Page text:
He runs into him, wanting to get him out. The target isn’t that difficult anyway. But who knows what might happen next. And then, what happens turns out to be more dangerous than Venkatesh Prasad’s ODI strike rate, or the sight of Marcus Stonis’ sidelocks.

The batsman on strike cannot focus. He just can’t. It appears that live cricket has been put on a hold.

The ball hasn’t yet been delivered. The emotions on the face of the batsman are more precarious than a woman’s in the labor room.

Courtney Walsh, on strike, someone one would reckon Brian Lara didn’t grow up watching, cannot stop laughing.

He just cannot.

It’s later revealed that he didn’t suddenly remember a distinct cricket record, that of having 43 ducks, the most by any cricketer in Tests.

Something about Colin Miller isn’t right and has got to Walsh.

Meanwhile, Michael Holding behind the mic confesses, “I’m lost for words.. what is that.”

And no, “Mikey” wasn’t referring to the E-mail reply from Universal Music that rejected his application to sing and host Jamaica’s Music Idol, given his truly melodious voice.

It’s simply Colin Miller’s hairdo.

Now, if you are a rational human being, then the color blue would, in all normal instances, remind you of any of the following:

Team India’s unchanged jersey colour

The color of skies above your head from whereupon bird droppings approach the earth like carpet bombing by the Allied forces.

What’s more? Blue movies?

The color of Aishwarya Rai’s costume during a song dedicated to a lemon. (honestly, that happened)

The rapacious color of underwear worn by Jackie Shroff in Bollywood epic Rangeela.

But under no normal circumstances does one relate blue with the color of one’s hair.

The only possible exception, of course, is Colin Miller. But then, he was one of a kind, wasn’t he, Miller?

A cricketer as devoted to the sublime art of off-spin as he was to ever-changing hairstyles, the saga behind Colin Miller pulling a fast one, whilst bowling slow on Courtney Walsh runs deeper than the depth of the Ganges, or as one former CIA officer told.

Apparently, it’s a big misconception that the world of Espionage is ever blazoned with guns and splattered with blood.

Deception. Ever heard of the phrase? That’s the key.

And standing true to his secret training, Colin Miller, who had mastered the art himself during the 2001 series, was executing an art he had covertly learned from his handlers at the CIA.

Little wonder then that the off-break specialist broke Walsh’s concentration, Courtney being ever the bunny and Miller ending with a fifer. But above anything else, took a 10-for in the game.

In doing so, he became the only Australian bowler with Blue hair to take 10 wickets in a match.

The record, since then, has stayed unmoved. Rumor has it that India’s Hardik Pandya, another creature who likes to change his hair appearance often, had desired to break Colin Miller’s feat, albeit unsuccessfully.

Australia, unfortunately, requires a cricketer to be an Australian national to resort to duplicitous moves to trick batsmen flaunting blue streaks.

Which is why even Pietersen, who once sported Red, not apparently, in a tribute to Zimbabwe, didn’t even try. For it would’ve been much harder for a South African, who had hitherto moved base to England, to once again shift to Australia to vie for the feat.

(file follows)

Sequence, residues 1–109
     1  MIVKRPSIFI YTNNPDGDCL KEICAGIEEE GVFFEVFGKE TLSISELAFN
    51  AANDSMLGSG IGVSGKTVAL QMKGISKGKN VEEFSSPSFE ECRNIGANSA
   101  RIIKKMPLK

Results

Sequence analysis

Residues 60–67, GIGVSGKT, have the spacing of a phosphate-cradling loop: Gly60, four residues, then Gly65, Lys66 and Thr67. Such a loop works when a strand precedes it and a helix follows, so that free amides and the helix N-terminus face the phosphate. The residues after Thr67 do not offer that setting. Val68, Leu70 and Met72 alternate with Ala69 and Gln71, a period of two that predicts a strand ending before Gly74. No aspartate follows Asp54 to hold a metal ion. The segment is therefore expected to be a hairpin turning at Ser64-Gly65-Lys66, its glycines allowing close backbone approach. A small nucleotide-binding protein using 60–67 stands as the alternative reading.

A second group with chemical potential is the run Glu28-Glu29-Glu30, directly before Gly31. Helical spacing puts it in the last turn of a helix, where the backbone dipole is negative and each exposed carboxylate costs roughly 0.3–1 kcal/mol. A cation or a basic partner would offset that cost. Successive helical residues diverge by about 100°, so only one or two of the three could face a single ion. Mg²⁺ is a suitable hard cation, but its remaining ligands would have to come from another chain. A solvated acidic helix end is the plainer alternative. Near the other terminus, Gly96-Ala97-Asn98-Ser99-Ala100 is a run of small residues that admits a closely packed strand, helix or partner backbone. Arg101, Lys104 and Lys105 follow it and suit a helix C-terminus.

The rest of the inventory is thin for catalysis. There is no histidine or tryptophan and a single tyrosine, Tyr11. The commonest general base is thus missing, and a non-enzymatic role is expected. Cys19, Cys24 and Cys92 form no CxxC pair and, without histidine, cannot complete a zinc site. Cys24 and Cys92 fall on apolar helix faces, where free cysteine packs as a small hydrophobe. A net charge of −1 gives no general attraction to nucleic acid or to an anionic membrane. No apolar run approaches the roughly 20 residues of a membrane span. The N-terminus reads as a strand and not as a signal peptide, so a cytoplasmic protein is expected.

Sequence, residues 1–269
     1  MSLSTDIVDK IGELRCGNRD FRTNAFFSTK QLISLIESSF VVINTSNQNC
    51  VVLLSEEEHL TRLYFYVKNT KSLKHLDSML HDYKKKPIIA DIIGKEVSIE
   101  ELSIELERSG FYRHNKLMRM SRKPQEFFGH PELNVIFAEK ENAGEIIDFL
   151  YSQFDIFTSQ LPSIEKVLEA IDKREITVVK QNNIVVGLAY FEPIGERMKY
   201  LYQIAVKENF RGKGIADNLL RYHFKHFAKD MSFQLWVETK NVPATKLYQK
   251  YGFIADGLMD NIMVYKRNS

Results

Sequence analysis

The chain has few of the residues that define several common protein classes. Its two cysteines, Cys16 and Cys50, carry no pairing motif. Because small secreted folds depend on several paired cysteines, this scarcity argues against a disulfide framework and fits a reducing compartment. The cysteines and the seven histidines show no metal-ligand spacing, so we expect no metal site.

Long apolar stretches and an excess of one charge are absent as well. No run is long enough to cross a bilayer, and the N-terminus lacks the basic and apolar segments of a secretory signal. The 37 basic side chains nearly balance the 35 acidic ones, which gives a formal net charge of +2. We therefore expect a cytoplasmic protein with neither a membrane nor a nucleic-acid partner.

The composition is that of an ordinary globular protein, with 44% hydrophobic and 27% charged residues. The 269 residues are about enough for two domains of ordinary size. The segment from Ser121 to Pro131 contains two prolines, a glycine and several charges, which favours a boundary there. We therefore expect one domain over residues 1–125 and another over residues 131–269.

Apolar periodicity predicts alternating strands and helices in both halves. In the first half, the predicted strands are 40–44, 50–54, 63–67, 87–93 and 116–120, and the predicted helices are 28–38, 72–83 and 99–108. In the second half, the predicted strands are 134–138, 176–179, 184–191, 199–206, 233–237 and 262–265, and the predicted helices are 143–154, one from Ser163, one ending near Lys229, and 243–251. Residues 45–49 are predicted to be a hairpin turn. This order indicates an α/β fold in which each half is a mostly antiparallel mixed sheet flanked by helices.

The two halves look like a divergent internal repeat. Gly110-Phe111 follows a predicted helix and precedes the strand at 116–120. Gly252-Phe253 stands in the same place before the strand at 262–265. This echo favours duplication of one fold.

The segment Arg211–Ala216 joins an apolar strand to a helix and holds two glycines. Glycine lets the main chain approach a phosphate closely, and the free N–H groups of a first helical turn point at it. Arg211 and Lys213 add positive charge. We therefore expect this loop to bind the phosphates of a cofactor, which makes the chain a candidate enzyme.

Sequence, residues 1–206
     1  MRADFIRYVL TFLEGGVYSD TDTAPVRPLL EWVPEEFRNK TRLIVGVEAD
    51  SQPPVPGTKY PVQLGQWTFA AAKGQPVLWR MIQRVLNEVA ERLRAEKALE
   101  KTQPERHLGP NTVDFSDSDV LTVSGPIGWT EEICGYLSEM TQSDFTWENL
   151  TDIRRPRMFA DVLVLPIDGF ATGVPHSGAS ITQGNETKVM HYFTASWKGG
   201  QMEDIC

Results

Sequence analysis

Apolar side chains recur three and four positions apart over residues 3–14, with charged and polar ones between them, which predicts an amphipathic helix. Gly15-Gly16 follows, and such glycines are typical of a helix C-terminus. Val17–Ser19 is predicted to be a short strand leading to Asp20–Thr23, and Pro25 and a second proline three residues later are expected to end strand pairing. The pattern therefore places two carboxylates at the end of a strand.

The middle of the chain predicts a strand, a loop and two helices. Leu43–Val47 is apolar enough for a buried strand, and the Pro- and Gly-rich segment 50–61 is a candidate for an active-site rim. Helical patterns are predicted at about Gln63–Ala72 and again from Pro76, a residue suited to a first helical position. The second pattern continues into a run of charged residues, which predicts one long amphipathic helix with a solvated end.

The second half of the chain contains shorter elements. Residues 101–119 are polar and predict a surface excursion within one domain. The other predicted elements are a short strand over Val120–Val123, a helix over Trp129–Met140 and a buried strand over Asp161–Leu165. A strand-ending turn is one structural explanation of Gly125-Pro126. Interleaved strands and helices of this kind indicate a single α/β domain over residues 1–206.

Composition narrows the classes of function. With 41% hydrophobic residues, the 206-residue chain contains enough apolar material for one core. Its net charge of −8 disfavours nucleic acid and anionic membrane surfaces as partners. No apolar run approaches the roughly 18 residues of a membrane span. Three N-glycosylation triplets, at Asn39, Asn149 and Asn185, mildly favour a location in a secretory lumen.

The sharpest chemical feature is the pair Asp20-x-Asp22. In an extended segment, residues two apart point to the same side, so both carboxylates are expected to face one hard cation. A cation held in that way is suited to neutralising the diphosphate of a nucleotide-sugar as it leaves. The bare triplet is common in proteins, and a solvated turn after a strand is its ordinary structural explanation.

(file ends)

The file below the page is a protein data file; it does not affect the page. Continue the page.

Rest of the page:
Unleashed on a mission to wreak havoc on the touring West Indians, Colin Miller, an “asset” intentionally placed inside the Aussie playing XI basis a covert understanding between Australian Secret Intelligence Service (ASIS) and the CIA was the credible confuser of Windies batsmen then Down Under.

Post his “hairy” heroics at Adelaide, Colin Miller, who, true to a spy’s ever-changing persona now sports “orange hair” on his EspnCricinfo picture, had resorted to other tactics to trick Windies batters on that tour.

For example, in the fourth Test, played at his home ground, in Melbourne, Colin Miller insisted the opposite team be shown Belushi Brothers’ Blue Brothers 2000, a Hollywood epic, prior to the start of the match. That it should happen secretly inside the green room with a bunch of Fosters in hand was, above anything, his condition.

Once done, West Indians’ hit by a steady concoction of one of the most terrible films ever known to mankind and a beer that made Lettuce soup taste better- hit the playing XI hard.

West Indian batsmen could only score a massive 109 in their first inning. The game was always Australias’, once they’d scored 352.

But throughout his career, Colin Miller, was known to resort to strange ideas that worked uncannily in his favor.

For example, before his last ever international contest, which happened in 2001, Chennai, wherein the bowler took 3 for 160, he insisted that he be allowed to gift his Mankini to the Indian Cricket team.

When asked by the BCCI official, Colin Miller, funny Victorian replied it was his way of answering back a state and region where every man wore skirts, which, it was later told to the Aussie, was the Lungie, not a feminine garment. Nevertheless, Ganguly, still has a piece of Colin Miller’s specially designed mankini, which has been promptly passed on to MS Dhoni, the CSK captain.

Legend has it that, the Mankini was designed to be worn by Colin Miller in an after-party of Day 1, Chennai Test, whereupon the sexually charged sight of the laughing Aussie would’ve caused the Indian batsmen mental trauma, so as not to hit the ground the next day.

Nevertheless, not all CIA operations went as per plans.

Disclaimer: Happy April’s Fool day people! This was a senile joke. No harm intended. Many apologies to the great Colin Miller. We really do love you.

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